Five Reasons to Love Summer in Miami
More towel space on the beach, for starters.
[le]doo (francis)/Flickr CC
For Miami locals, summer seems the least popular of our
four two seasons. We bemoan the humidity, the lack of exciting events, and the slow trickle of our tourist-based economy. We bitch about various annoyances and long for the winter to return.
But despite these perceived flaws, we could easily argue that summer in Miami beats summer, winter, fall, or spring almost anywhere else. We've got a lot going for us, even in these off months. Here's what:
Northeastern beachgoers have to face painfully inconsistent weather
conditions for their measly three months of sun time, we're lucky enough
to count on that tropical sunshine more often than not. Yes, we get our
rainy spells (the last week, for example), but most tropical showers
pass quickly, allowing us to soak up that summer sizzle. (But not too much -- sunburns are for tourists, y'all.)2. A slow tourist influx means more room for us.
Fewer crowds, less traffic, easier parking. What, now that it's easier to get out and do the things you love, you're gonna give up just because it's a little humid outside? Seriously -- this is the time to take advantage andvisit all the places we'd usually find annoying
. South Beach on a Saturday afternoon, anyone?
season means possible party time.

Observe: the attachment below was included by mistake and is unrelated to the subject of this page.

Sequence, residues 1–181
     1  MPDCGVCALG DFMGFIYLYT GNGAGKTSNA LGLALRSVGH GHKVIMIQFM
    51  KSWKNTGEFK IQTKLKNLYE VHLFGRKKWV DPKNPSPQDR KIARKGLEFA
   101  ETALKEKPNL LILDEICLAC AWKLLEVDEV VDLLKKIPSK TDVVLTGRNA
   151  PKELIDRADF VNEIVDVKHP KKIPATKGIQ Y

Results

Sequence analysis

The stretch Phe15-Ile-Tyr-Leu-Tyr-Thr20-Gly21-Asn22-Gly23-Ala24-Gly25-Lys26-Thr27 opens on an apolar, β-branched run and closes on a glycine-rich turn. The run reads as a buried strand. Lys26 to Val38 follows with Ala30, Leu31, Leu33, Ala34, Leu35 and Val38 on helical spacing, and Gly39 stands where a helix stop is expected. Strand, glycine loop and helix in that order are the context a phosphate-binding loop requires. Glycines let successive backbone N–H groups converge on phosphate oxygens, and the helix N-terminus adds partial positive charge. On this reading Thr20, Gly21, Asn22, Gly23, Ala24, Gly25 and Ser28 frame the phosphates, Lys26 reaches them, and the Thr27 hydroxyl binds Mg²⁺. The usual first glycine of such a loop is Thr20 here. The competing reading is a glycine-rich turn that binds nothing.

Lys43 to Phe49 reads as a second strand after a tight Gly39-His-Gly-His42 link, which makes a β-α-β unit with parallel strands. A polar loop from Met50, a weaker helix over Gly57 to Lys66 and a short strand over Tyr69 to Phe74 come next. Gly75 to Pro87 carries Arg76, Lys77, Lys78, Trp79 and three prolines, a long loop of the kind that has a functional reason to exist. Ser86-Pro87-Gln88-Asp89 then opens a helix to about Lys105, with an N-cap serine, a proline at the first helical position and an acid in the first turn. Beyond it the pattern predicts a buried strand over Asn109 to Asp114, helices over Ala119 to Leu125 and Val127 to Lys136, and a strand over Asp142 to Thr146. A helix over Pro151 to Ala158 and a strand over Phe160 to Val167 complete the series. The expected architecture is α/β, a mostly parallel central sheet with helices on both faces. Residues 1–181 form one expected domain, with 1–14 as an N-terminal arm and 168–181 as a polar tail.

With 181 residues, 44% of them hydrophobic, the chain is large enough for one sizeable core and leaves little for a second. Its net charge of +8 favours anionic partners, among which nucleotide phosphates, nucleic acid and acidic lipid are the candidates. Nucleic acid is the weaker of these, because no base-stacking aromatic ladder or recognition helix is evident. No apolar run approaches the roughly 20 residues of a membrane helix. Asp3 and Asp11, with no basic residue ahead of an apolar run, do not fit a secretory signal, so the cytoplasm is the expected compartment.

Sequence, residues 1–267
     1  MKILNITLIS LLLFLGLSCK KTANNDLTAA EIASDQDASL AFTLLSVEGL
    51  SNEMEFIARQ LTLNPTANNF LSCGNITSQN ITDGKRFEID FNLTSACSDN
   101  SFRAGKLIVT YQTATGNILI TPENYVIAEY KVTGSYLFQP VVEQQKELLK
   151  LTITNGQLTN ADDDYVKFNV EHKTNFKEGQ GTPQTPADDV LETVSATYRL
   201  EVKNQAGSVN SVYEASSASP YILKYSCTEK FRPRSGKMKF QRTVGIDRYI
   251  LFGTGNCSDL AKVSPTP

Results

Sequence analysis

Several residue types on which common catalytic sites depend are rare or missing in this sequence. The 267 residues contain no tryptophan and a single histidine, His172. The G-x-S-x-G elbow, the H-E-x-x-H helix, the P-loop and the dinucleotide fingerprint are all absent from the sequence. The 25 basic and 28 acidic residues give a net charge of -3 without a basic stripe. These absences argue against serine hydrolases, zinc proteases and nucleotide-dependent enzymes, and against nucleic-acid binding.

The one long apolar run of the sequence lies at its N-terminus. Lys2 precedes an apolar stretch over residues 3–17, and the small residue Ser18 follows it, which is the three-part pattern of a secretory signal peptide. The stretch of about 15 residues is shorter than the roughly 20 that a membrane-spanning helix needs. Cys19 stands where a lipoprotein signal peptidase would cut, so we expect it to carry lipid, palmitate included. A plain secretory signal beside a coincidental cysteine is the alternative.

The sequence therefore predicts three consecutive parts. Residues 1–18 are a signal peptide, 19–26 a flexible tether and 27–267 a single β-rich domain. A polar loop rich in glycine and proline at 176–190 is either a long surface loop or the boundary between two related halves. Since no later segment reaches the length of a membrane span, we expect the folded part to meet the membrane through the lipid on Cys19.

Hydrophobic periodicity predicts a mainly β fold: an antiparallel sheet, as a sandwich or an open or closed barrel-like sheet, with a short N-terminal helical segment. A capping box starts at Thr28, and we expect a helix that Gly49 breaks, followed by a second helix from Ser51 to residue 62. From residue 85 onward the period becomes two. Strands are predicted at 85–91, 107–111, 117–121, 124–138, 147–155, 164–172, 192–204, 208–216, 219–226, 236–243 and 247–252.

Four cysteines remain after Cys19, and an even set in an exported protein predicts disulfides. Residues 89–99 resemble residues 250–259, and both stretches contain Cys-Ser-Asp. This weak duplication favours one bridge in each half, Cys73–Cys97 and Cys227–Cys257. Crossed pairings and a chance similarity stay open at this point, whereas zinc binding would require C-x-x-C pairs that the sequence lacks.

We only hope for Category Two storms, of
course, but there's always the chance we'll get to hunker down for a hurricane party and miss some work time. It's the closest thing we're ever going to get to a snow day. We can dream, can't we?4. Free stuff for locals.
Summertime's when businesses can afford to get a little more generous.Fairchild Tropical Botanic Garden
offers free Sundays in August.Zoo Miami
has $5 admission days. TheTrump International Beach Resort
offers special summer rates for locals. Not to mentionMiami Spice
andMiami Spa Month
. We clean up in the off season, y'all.5. Mangoes
and avocados for all.
The tropical fruit crop is so lush locals line
the sidewalks with baskets full of said produce. While Bostonians are
paying $3.50 per mango, we can't eat the stuff fast enough; we're literally giving the stuff away so it doesn't rot on the tree. Even if you're not lucky enough to have a tropical fruit tree in your backyard, you likely know someone who does. If you're buying your mangoes at Publix, you must be hard-up for friends.
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